Through the vanishing point 2 – Shakespeare

All of Shakespeare exists in auditory depth… (Verbi, Voco, Visual Explorations, 16)

When we say, therefore, that Shakespeare draws his people in the round, we are noting the auditory depth with which his music invests the least gesture or intonation of his characters. The complexity of his characters is often the effect of all the other characters being simultaneously present in the auditory space provided by the music of his language. (Printing and Social Change, 25)

The Shakespearean moment (“that time of year”) includes several times at once… (Through the Vanishing Point, p 103)

Sans teeth, sans eyes, sans taste, sans everything. (As you like It, 2.7)1

The Gutenberg Galaxy is typical of McLuhan’s work in turning repeatedly to Shakespeare to explicate his project.2 He introduces his central concern in it, referring to Shakespeare, as follows:

His theme in Lear is that of John Donne in An Anatomy of the World3:
‘Tis all in pieces, all coherence gone;
All just supply, and all Relation:
Prince, subject, Father, Son, are things forgot.
For every man alone thinks he hath got
To be a Phoenix… (13)

McLuhan cites Lear itself in naming the controlling problem of that theme:

The breaking of “the most precious square of sense”…4 (13)

He then turns to Troilus and Cressida to specify the sure sign of the breaking of sense — “mere oppugnancy”:

O, when degree is shak’d,
Which is the ladder of all high designs,
The enterprise is sick! How could communities,
Degrees in schools, and brotherhoods in cities,
Peaceful commerce from dividable shores,
The primogenity and due of birth,
Prerogative of age, crowns, sceptres, laurels,
But by degree, stand in authentic place?
Take but degree away, untune that string,
And hark what discord follows! Each thing melts
In mere oppugnancy5. (19)

The reconstitution of sense requires that thought and identity go “through the vanishing point” and this is again described by a citation from Lear:

Come on, sir; here’s the place: stand still. How fearful
And dizzy ’tis, to cast one’s eyes so low!
The crows and choughs that wing the midway air6
Show scarce so gross as beetles: half way down
Hangs one that gathers samphire, dreadful trade!
Methinks he seems no bigger than his head:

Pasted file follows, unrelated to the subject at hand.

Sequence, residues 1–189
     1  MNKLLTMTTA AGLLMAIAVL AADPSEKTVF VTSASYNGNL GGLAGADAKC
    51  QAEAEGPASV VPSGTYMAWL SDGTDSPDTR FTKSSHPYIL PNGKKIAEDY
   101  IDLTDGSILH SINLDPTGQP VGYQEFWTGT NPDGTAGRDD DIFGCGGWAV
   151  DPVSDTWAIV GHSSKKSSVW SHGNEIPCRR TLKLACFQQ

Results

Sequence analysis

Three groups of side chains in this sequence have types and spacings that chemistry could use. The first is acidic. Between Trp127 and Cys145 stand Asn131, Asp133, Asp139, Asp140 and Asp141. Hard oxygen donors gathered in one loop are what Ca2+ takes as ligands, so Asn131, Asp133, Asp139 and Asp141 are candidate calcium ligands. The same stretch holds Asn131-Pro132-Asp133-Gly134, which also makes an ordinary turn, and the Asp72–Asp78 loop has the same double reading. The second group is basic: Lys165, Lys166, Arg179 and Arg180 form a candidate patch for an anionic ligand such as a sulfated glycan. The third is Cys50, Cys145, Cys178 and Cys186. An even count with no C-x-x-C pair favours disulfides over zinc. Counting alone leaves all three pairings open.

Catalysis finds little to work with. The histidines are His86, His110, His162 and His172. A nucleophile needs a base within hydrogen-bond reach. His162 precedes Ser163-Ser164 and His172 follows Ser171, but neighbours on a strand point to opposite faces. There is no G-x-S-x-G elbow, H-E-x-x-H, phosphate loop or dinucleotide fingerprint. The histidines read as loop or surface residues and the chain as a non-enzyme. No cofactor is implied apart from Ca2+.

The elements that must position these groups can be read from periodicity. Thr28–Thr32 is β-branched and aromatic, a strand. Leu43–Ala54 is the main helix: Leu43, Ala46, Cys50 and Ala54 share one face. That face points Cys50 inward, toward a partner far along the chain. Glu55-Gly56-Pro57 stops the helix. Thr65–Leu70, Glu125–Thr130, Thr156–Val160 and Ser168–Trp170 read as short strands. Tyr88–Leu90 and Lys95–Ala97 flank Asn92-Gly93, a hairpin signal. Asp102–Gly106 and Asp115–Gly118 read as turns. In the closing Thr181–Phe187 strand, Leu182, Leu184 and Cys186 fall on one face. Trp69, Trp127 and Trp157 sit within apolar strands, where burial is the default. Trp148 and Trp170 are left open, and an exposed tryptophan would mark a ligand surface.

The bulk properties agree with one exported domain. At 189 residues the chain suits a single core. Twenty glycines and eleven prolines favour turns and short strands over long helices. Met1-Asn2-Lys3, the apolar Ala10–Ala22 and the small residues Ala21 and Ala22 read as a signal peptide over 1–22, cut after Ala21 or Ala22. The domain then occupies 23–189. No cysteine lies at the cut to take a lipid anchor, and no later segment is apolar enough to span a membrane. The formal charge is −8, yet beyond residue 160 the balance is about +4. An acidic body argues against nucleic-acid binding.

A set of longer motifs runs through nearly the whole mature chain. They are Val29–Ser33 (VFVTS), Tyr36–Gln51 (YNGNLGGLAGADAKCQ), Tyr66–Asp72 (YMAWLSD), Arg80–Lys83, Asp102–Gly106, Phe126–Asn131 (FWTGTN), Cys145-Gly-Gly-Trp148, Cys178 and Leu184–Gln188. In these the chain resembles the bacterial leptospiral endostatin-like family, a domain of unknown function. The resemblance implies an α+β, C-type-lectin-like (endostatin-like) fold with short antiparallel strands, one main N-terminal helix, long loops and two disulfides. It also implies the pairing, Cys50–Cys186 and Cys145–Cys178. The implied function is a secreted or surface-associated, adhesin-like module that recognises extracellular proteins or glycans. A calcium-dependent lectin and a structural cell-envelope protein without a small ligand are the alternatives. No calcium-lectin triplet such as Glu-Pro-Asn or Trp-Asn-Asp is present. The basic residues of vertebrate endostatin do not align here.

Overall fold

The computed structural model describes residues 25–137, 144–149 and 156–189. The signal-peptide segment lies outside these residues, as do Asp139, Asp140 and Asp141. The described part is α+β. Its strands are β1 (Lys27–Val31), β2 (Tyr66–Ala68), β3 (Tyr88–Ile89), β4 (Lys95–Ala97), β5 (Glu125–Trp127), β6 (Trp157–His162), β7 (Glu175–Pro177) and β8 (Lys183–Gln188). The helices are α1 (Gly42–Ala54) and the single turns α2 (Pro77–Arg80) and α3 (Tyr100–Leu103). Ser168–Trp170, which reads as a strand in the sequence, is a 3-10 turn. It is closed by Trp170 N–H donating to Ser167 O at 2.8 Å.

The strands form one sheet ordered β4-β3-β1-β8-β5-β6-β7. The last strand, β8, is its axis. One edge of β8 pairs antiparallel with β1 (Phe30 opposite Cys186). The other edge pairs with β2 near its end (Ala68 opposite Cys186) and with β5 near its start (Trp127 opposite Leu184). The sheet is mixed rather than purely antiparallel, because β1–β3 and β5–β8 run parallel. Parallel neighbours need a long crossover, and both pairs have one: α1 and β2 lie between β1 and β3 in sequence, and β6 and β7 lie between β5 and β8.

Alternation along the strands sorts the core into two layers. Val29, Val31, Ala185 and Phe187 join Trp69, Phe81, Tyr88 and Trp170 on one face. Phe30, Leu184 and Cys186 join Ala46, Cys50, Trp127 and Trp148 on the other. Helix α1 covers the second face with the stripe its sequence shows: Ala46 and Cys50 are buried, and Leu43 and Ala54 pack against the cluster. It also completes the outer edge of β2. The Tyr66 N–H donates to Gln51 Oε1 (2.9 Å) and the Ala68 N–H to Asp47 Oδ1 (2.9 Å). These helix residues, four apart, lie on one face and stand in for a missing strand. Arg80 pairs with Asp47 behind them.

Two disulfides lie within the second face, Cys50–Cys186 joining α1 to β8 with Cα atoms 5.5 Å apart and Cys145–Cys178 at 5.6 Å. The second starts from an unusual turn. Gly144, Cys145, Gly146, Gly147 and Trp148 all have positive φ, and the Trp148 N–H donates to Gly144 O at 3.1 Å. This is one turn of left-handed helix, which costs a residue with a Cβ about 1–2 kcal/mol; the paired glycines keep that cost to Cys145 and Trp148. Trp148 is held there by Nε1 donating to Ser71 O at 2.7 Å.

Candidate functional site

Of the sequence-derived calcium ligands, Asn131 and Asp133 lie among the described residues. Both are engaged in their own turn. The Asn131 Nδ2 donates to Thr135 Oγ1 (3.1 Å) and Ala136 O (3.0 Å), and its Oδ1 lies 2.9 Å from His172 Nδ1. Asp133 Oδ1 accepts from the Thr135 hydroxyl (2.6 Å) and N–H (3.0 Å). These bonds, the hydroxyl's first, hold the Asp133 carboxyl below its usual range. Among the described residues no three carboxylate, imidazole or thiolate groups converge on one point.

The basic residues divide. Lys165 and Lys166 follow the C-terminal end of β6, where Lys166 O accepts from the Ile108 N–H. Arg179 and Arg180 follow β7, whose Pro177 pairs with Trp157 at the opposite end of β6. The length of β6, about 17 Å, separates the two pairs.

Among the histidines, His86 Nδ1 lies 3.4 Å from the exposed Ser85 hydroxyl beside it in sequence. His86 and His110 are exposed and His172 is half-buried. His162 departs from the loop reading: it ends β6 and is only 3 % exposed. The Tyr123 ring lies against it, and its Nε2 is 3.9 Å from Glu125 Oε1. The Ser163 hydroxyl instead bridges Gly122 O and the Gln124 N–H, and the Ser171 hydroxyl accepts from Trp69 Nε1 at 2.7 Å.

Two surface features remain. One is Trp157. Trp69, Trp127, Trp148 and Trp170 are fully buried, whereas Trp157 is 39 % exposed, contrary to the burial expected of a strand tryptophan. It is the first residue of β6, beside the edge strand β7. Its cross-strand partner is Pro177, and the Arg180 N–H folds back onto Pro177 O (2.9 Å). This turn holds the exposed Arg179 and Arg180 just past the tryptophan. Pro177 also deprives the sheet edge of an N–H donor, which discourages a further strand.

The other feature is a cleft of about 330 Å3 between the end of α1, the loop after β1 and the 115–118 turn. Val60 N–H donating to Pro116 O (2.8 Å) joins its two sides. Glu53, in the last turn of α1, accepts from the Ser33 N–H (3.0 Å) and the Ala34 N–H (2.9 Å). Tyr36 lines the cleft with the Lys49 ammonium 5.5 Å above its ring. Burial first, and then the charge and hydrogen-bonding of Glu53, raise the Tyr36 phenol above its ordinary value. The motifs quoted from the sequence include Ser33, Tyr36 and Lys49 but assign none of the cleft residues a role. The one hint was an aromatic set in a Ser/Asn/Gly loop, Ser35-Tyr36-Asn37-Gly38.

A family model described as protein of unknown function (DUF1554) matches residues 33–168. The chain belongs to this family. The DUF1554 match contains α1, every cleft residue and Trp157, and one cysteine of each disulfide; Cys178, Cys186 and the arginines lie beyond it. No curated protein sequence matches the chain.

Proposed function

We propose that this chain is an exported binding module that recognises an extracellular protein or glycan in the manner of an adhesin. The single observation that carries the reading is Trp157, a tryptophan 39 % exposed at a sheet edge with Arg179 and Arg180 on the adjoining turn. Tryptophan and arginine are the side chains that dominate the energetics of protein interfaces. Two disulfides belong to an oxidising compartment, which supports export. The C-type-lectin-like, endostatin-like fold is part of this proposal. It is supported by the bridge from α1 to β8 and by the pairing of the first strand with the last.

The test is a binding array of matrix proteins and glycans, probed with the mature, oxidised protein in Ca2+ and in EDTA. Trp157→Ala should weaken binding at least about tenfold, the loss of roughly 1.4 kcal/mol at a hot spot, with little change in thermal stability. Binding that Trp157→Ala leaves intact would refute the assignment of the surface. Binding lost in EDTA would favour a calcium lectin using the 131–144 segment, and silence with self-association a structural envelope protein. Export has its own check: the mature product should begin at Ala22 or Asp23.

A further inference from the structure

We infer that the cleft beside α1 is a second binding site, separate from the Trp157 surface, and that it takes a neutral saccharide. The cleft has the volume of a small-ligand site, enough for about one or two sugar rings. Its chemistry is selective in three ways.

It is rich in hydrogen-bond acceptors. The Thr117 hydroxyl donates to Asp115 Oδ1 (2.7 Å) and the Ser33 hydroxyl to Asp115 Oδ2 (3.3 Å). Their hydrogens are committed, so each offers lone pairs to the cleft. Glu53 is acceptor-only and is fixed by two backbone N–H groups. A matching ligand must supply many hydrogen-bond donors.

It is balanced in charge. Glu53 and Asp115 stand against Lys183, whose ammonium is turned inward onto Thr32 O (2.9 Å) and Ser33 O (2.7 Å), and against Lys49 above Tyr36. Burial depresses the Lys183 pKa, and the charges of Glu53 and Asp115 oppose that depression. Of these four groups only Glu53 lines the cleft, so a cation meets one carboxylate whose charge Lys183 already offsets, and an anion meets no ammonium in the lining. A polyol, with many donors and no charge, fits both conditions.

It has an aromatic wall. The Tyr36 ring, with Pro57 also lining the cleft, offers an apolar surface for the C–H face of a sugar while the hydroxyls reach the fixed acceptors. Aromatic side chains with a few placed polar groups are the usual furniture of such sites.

The fishermen, that walk upon the beach,
Appear like mice; and yond tall anchoring bark,
Diminish’d to her cock; her cock, a buoy
Almost too small for sight: the murmuring surge,
That on the unnumber’d idle pebbles chafes,
Cannot be heard so high. I’ll look no more;
Lest my brain turn, and the deficient sight
Topple down headlong.7  (16)

McLuhan poses the questions: when (in what time) is the string of the world tuned? how can we attend such tuning? how are we to understand it in relation to the lack of tuning that is manifest everywhere? why does a pathway pursuing these questions lead “through the vanishing point”? how does this take us beyond “mere oppugnancy”?

The goal (“Finds bottom in the uncomprehensive deeps”) is taken from Troilus and Cressida and is cited in Understanding Media, Take Today, and Laws of Media

The providence that’s in a watchful state
Knows almost every grain of Plutus’ gold,
Finds bottom in the uncomprehensive deeps,
Keeps place with thought, and almost like the gods
Does thoughts unveil in their dumb cradles.8

The dark that must be confronted in going “through the vanishing point” into “the uncomprehensive deeps” (as discussed previously in regard to McLuhan’s use of Milton and Pope) is an ineradicable aspect of human existence that must have a central place in any fitting consideration of it.  Again, it is Shakespeare who supplies the definitive rendition of such “death’s second self” in Sonnet 73, which McLuhan cites in full both in Through the Vanishing Point (102) and in Voices of Literature (1.181):

That time of year thou may’st in me behold
When yellow leaves, or none, or few, do hang
Upon those boughs which shake against the cold,
Bare ruin’d choirs, where late the sweet birds sang.
In me thou see’st the twilight of such day,
As after sunset fadeth in the west,
Which by-and-by black night doth take away,
Death’s second self, that seals up all in rest.
In me thou see’st the glowing of such fire
That on the ashes of his youth doth lie,
As the death-bed whereon it must expire